I was asked by a younger family member whose Mother recently passed how to spend Mother’s Day. I replied by saying spend it with other people and their Mother or spend it alone depending on what makes you feel at peace. After thinking about it I realized that I needed to swallow my own pill. So I spent Mother’s Day doing some of the things my Mother loved to do. Yes, I was invited to share the day with others but I didn’t want the reminder that I was a bench warmer and could only be a spectator from the sideline. So I politely declined and had the most wonderful glorious time both honoring and remembering my Mother!
It was a beautiful Pennsylvania morning, quite different from a New York or a North Carolina morning, and I made coffee and sipped it on the back deck looking out at the trees whose leaves have returned in full. My Mother loved her coffee. I used to ask her why she drank it for as a child I didn’t quite understand the attraction to the bitter taste. How things have changed! When it comes to coffee, I have become my Mother!
Mom also loved to be outside. It was there she taught us so many of the world’s wonders. After finishing my coffee I decided to take a long walk and revisit the Little Lessons on nature that my Mother taught us. I noted the different trees like the long leaf pine, the birch, and the dogwood trees both pink and white. I remembered the folklore she told us of the dogwood and why it no longer grows to be a tall and sprawling tree as well as the story hidden in its beautiful flower. She loved flowers. They lined the sidewalk that lead to the front steps of the home I grew up in and mirrored the flower bed in front of the big picture window filled with buttercups and snap dragons.
Perched in the trees and accompanying me along the way were the robin and the sparrow that she taught us how to identify and of course her and my favorite fellow in red, the cardinal. Not only did she teach us what they looked like she would point out what they sounded like including the haunting whippoorwill and the nocturnal owl.
Momma liked the country and the quiet that usually comes as a part of the package. But then again, having six kids may have had something to do with the desire for peace and quiet. And whereas I was an eager participant in the mini science lectures that included geography, biology, and astronomy, it was our chemistry that would often be opposites like protons and electrons. She would say left and I would want to go right. The fullness of life in a ranch house in Salisbury, North Carolina was enough for her. Not me though, I had to escape and find the biggest, the brightest, and the loudest place I could find. Her preferred stage was not nearly big enough for my imagination which she encouraged me to have and the bigger the better. Now I do my best to mimic the serenity of Salisbury with Serenity House in Yardley, Pennsylvania.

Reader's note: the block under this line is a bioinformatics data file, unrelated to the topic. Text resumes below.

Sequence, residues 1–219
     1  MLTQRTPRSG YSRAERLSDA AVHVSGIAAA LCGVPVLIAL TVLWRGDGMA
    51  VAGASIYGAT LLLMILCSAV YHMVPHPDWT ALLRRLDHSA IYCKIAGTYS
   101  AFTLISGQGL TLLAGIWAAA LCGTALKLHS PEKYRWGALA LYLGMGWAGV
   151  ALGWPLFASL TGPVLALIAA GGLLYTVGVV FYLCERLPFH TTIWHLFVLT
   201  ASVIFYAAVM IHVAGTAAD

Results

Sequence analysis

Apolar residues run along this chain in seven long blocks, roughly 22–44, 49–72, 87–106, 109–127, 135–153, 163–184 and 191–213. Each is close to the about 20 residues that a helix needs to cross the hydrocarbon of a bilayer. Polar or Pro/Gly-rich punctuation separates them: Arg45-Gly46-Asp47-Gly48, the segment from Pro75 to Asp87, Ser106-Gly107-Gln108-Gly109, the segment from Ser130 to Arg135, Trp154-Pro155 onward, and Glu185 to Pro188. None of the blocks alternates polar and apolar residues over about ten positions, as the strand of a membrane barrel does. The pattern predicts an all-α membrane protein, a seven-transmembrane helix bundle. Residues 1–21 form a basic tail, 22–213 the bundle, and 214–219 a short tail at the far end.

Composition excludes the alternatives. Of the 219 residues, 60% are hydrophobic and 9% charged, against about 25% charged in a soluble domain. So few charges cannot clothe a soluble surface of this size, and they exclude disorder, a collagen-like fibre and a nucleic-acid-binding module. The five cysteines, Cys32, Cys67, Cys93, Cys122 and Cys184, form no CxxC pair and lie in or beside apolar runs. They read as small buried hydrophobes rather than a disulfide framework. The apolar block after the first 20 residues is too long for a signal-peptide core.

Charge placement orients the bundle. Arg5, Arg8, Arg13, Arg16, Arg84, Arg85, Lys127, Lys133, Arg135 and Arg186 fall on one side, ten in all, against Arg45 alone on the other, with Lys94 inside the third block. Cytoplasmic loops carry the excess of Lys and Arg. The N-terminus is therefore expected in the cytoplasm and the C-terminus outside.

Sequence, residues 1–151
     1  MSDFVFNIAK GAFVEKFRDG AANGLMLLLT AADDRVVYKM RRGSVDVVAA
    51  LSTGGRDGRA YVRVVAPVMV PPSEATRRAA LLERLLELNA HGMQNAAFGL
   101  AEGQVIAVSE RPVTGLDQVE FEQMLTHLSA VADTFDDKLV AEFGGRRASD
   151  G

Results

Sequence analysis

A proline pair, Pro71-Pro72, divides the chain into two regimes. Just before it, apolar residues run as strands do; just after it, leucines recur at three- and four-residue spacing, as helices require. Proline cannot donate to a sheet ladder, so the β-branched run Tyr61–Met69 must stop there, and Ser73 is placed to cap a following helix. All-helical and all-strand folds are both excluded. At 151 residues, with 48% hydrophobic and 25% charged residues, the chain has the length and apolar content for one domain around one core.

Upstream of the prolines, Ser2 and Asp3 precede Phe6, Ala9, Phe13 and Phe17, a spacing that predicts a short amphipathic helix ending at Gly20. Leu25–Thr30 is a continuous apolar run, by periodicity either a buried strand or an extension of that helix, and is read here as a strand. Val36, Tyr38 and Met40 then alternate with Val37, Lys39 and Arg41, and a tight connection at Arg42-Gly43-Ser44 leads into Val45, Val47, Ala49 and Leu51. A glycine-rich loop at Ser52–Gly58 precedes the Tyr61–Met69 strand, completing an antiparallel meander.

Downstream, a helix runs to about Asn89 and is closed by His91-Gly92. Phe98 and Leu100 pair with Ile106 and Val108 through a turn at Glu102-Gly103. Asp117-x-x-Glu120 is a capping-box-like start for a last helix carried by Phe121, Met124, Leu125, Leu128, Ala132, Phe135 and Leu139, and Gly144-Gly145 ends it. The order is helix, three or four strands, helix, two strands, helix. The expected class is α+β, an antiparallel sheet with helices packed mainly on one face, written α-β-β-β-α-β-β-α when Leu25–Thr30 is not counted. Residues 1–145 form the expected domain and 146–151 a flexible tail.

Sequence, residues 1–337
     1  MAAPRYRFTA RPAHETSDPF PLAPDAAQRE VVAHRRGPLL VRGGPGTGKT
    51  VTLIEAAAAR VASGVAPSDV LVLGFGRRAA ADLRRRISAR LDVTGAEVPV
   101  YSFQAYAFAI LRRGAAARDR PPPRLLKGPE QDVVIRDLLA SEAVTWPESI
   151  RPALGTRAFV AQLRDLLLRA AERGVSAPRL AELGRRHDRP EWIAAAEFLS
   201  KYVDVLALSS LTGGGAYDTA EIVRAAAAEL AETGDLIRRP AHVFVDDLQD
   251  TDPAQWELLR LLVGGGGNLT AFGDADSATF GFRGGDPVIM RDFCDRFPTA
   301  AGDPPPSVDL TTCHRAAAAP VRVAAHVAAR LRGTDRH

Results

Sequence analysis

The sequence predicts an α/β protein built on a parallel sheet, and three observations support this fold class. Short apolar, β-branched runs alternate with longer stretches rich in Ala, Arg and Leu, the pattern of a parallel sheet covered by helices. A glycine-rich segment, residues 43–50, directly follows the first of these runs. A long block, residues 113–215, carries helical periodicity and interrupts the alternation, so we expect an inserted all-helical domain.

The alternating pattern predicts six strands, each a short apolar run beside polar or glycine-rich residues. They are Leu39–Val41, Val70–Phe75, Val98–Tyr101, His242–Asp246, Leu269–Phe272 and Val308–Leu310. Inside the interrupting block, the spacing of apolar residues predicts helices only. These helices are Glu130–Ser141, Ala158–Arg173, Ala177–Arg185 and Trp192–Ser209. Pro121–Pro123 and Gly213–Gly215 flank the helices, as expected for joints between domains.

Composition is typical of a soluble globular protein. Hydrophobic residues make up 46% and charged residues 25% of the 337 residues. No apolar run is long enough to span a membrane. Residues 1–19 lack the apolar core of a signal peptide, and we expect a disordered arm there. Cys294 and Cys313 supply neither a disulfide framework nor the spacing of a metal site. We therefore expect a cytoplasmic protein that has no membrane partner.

My Mother was also quick to be found reading and writing. So this is my writing part and I read one of the most memorable passages that she would recite to us from her favorite book, The Holy Bible. “Let the words of my mouth, and the meditation of my heart, be acceptable in thy sight O LORD, my Strength and my Redeemer.” It’s from the book of Psalms (19:14) and was one of the many scriptures she used to teach us growth and character. She would also recite poetry to us and Paul Lawrence Dunbar was a mutual favorite. “Little brown baby wif sparklin’ eyes, come to yo’ pappy an’ set on his knee.” I can still hear her deliver it with such wondrous expression as if she were channeling the poet himself.
But the one thing that my Mother loved and shared with me in our own unique way was painting and drawing. She was gifted with the brush and even painted me as a child. She called me Pocahontas, her little Indian princess and created a likeness on canvas of me with two long braids on the side of my head, no headband though! She wanted more than anything for me to pursue this talent and to utilize this gift as I inherited her ability to almost photograph with a pencil, pastel, or paint brush. She wanted me to pursue art as a career and would remind me that I was born on Norman Rockwell’s birthday.
My passion was music so I went off chasing another art form. She thought it was cool that I was on the radio and always supported whatever I chose to do but she wanted so much for me to be an artist as it is a rare gift. I never will forget when I called to tell her that I got the job as the Program Director at a radio station in New York City. I was on a three way call with my younger sister and I was so excited to tell her, “Ma, I just got a job as the program director in the number one market!” And she said to me, “Oh, so you are a secretary now! That’s nice.” Needless to say I never lived that one down with my sister and I probably would have enjoyed being a secretary more!
Although it was my intent to paint or draw today, I didn’t. I’ve always and still struggle with being intimidated by this talent so I opted to express my artistic vision with the lens and not the brush. And the one thing I can say most about my mother aside from being kind, loving, generous, beautiful, brilliant, talented, funny, encouraging, strong, supportive, and patient; she was very understanding. So perhaps next Mother’s Day I’ll use paint instead of the pen and put my day on canvas. Happy Mother’s Day, Mommy!